“These costs are volatile, unavoidable, and outside of management’s control,” Martin Lyons, Ameren’s CFO, said on the call. “Further, recovery through the FAC better matches the costs of being a member of MISO with the benefits the customers receive through off-system sales, which are included in the FAC.”

Should the PSC approve the changes, Lyons hinted that the company would push for a full cost tracker mechanism, without any limiting conditions, to avoid regulatory lag resulting from under-recovery of cost increases between rate cases.

Ameren is also asking Missouri regulators to approve a storm cost-tracking mechanism that will provide cost recovery following major storms “in a manner that is fair to both our customers and investors,” he said.

The company is also requesting approval of a new plant in-service accounting proposal designed to reduce the effect of regulatory lag on earnings and cash flows related to assets placed in service between rate cases.

“Approval of this proposal would encourage prudent, incremental discretionary investments in our energy infrastructure and help meet our customers’ number one priority: reliability,” Voss continued.

The Missouri PSC’s order is expected in December, with new rates expected to be effective in early January 2013.

Core earnings from Ameren’s merchant generation business also declined from 3Q11, with Voss citing lower power prices, an uncertain timeline for their recovery, and higher fuel costs as the major contributing factors.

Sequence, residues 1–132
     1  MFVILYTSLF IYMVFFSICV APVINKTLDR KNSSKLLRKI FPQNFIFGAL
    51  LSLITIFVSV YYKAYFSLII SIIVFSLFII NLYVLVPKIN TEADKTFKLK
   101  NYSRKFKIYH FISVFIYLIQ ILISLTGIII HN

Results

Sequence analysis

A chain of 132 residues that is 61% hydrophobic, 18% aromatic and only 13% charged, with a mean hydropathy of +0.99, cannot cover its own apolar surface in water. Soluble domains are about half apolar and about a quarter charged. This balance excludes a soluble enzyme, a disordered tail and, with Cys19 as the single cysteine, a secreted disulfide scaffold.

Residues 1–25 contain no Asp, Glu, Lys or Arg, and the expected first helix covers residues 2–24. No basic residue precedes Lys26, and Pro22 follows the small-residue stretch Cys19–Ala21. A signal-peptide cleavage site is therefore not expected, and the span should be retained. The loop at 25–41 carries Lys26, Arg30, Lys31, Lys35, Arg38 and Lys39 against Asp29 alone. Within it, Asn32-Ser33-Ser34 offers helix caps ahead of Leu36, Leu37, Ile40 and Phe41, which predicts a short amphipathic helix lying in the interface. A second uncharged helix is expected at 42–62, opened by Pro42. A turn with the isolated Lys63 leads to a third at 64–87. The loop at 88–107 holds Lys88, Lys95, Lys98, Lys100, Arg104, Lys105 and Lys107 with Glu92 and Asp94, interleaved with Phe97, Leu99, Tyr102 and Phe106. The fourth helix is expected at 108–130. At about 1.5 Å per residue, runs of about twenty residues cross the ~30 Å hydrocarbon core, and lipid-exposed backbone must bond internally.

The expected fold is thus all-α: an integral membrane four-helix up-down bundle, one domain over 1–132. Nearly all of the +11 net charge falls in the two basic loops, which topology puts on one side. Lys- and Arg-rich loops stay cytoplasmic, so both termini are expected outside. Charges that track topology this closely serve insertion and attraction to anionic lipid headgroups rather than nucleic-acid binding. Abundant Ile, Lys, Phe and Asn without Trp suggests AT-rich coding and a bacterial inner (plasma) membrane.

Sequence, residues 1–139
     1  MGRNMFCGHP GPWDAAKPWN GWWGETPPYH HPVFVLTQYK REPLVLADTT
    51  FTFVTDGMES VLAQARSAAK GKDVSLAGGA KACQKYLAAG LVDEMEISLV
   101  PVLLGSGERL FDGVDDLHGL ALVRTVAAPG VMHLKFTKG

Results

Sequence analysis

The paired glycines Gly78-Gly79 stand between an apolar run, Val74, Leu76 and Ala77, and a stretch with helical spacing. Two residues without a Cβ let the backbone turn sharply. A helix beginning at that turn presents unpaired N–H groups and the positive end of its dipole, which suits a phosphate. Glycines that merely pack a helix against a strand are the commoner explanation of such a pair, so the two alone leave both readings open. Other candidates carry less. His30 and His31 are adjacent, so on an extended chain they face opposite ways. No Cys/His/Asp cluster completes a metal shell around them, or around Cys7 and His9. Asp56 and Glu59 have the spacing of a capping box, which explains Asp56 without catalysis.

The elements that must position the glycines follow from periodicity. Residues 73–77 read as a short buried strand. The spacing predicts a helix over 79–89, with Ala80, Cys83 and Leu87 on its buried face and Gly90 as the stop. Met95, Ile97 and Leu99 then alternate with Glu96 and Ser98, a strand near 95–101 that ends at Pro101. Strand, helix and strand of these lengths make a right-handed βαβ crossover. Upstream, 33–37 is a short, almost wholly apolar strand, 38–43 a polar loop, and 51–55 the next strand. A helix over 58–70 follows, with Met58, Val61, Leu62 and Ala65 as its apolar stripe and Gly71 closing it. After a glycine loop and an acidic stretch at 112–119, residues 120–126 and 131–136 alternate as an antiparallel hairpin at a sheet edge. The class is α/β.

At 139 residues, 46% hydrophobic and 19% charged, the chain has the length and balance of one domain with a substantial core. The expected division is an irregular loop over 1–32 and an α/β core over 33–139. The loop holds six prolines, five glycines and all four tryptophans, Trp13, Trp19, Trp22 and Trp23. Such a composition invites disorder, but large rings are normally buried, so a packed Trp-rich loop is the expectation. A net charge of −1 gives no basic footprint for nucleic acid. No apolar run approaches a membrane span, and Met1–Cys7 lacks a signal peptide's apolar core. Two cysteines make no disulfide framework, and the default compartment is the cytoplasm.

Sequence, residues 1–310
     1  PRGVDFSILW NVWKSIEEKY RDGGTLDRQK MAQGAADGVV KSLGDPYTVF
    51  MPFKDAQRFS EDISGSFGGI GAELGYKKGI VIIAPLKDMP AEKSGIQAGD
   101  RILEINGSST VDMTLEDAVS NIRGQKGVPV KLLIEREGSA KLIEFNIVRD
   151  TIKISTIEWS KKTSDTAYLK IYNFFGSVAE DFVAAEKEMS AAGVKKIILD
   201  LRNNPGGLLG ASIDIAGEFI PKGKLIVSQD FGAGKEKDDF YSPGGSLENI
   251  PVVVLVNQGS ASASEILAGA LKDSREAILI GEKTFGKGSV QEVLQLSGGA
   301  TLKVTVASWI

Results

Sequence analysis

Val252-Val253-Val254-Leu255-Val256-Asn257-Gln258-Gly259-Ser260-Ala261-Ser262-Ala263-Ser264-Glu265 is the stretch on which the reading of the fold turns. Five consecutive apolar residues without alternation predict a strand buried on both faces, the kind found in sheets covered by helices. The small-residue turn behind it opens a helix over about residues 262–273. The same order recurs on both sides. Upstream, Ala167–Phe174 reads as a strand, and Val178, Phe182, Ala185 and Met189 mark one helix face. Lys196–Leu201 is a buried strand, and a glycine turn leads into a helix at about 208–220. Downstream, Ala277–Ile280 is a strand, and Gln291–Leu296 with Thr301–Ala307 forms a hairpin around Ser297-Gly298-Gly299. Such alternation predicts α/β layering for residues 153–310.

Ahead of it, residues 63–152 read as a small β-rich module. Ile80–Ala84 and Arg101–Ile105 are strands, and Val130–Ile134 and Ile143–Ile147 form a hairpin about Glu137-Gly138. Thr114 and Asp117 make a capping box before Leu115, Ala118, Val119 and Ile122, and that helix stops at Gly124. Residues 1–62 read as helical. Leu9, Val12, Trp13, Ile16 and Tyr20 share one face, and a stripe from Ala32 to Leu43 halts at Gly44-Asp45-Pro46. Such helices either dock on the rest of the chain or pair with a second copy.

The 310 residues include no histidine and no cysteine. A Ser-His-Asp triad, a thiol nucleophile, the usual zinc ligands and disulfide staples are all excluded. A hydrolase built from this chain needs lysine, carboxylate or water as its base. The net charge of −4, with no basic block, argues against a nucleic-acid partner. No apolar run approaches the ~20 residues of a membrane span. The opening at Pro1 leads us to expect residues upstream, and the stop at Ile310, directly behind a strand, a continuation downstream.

The business unit continued to be strong operationally, however, with the company’s Callaway nuclear energy center in Missouri running continuously since its fall 2011 refueling outage and two of its coal-fired energy centers in Missouri earning national honors from the Electric Utility Cost Group, Voss said.

Regulatory concessions will help relieve pressure on earnings

Ameren’s request for a variance from Illinois’ multi-pollutant standard (MPS) was unanimously approved by the Illinois Pollution Control Board in September. The variance allows the company additional time to comply with sulfur dioxide emission standards that were to become effective Jan. 1, 2015.

In exchange for delaying compliance with the standards until 2020, the company will restrict its sulfur dioxide emissions from 2014 forward to levels lower than those required by the existing MPS, thereby offsetting the environmental impact of granting the variance relief, Voss said.

“As a result, through 2019 we do not expect to have to de-rate or shut down any of our currently operating energy centers in order to comply with state’s sulfur dioxide emission limits,” he added.

In addition, the company has reduced its 2012 through 2016 merchant generation environmental capital spending plans by approximately $35m compared to prior plans, with $20m of the reduction occurring this year.

“The reduction is primarily due to the vacated cross-state air pollution rule and the impacts of the MPS variance,” Voss said.

Company officials offered only a slight revision to its earnings guidance, narrowing its 2012 core earnings range from $2.35 to $2.45 a share from its previous range of $2.25 to $2.55 a share.

Finally, officials offered a pragmatic view of future challenges.

“Low power and capacity prices are impacting Ameren’s earnings outlook,” Voss said. “We continue to look for every opportunity to reduce operating costs and enhance margins.”